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Facile One‐Step Micropatterning Using Photodegradable Gelatin Hydrogels for Improved Cardiomyocyte Organization and Alignment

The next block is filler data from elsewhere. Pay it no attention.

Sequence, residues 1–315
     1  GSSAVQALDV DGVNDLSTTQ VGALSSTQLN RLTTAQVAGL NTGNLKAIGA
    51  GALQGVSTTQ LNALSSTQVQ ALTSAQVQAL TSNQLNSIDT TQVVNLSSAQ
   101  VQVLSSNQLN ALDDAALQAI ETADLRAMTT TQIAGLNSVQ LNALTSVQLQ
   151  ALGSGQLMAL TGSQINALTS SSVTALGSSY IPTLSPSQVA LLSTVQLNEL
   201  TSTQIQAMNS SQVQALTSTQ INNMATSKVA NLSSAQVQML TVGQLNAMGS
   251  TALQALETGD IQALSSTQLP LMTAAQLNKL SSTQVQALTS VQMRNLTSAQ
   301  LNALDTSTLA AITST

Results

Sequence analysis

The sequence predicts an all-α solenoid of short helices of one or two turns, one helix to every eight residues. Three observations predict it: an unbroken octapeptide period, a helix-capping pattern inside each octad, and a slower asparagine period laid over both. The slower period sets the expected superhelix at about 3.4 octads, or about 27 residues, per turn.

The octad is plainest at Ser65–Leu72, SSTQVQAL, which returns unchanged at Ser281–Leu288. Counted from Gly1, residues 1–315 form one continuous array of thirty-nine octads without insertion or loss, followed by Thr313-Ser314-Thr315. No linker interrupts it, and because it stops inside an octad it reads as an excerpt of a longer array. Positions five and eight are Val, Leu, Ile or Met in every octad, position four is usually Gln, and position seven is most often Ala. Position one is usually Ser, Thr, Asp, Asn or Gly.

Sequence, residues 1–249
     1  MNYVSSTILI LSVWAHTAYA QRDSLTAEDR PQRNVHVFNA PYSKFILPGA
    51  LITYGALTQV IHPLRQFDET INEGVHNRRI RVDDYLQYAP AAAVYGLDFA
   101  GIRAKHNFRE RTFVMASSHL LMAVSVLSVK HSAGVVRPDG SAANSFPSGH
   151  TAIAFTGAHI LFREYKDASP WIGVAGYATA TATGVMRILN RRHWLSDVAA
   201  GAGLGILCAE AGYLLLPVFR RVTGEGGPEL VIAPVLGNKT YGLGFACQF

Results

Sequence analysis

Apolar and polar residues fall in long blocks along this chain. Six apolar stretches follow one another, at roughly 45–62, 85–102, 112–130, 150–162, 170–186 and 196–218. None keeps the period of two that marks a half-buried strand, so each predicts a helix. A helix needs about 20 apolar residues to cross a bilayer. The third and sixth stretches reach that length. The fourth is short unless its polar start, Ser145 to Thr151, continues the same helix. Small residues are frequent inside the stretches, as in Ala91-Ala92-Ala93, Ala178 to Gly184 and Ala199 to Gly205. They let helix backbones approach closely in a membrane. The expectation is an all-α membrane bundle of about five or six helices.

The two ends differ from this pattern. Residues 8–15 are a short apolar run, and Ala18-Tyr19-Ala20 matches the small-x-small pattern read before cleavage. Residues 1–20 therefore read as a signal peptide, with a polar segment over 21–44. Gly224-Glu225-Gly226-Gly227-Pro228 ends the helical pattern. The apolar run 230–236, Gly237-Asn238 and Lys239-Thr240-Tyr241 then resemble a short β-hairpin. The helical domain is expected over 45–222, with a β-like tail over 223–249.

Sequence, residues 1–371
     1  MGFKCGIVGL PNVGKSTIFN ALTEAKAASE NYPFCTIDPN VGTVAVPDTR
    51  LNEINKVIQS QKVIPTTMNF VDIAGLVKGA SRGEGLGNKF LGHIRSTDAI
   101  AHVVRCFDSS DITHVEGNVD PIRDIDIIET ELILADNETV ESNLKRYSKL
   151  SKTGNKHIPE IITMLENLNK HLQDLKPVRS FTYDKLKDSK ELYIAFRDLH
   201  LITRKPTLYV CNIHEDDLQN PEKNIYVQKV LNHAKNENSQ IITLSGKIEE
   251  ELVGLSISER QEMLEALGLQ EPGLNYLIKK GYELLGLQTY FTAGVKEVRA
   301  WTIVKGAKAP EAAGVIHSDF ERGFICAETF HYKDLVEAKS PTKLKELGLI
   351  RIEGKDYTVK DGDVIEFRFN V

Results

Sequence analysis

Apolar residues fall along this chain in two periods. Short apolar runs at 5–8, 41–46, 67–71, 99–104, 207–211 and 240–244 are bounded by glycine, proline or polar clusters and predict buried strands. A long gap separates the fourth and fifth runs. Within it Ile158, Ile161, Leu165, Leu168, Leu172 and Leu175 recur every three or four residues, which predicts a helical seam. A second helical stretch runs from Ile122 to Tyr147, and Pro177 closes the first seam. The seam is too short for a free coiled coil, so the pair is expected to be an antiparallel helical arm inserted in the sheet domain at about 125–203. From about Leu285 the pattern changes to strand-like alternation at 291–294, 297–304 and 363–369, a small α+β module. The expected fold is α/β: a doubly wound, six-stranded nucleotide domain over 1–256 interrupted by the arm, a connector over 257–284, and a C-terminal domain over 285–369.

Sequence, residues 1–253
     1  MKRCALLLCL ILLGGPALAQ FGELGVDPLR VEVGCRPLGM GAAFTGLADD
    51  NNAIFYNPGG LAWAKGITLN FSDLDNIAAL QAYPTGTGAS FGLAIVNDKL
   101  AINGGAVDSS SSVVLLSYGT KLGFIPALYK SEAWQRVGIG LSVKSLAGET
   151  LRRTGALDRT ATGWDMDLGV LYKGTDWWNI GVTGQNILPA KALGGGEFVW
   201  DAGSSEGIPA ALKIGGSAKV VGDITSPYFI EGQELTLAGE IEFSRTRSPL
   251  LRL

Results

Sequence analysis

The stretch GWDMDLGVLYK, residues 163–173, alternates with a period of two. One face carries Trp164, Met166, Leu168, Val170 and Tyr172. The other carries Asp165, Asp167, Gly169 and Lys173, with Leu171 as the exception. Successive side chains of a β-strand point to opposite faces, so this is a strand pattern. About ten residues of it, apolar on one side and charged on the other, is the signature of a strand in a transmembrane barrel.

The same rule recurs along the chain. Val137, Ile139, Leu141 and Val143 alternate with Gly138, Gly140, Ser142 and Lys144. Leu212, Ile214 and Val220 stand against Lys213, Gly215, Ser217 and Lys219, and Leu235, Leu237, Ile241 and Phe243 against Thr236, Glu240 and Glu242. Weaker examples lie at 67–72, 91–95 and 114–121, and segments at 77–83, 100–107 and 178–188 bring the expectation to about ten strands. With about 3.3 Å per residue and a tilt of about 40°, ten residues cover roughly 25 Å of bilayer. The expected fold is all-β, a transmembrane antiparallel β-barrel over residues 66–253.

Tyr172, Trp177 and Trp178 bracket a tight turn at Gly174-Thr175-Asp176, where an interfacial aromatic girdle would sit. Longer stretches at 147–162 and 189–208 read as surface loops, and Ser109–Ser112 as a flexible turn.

Hydrogels are often employed as temporary platforms for cell proliferation and tissue organization in vitro. Researchers have incorporated photodegradable moieties into synthetic polymeric hydrogels as a means of achieving spatiotemporal control over material properties. In this study protein-based photodegradable hydrogels composed of methacrylated gelatin (GelMA) and a crosslinker containing o-nitrobenzyl ester groups have been developed. The hydrogels are able to degrade rapidly and specifically in response to UV light and can be photopatterned to a variety of shapes and dimensions in a one-step process. Micropatterned photodegradable hydrogels are shown to improve cell distribution, alignment and beating regularity of cultured neonatal rat cardiomyocytes. Overall this work introduces a new class of photodegradable hydrogel based on natural and biofunctional polymers as cell culture substrates for improving cellular organization and function.

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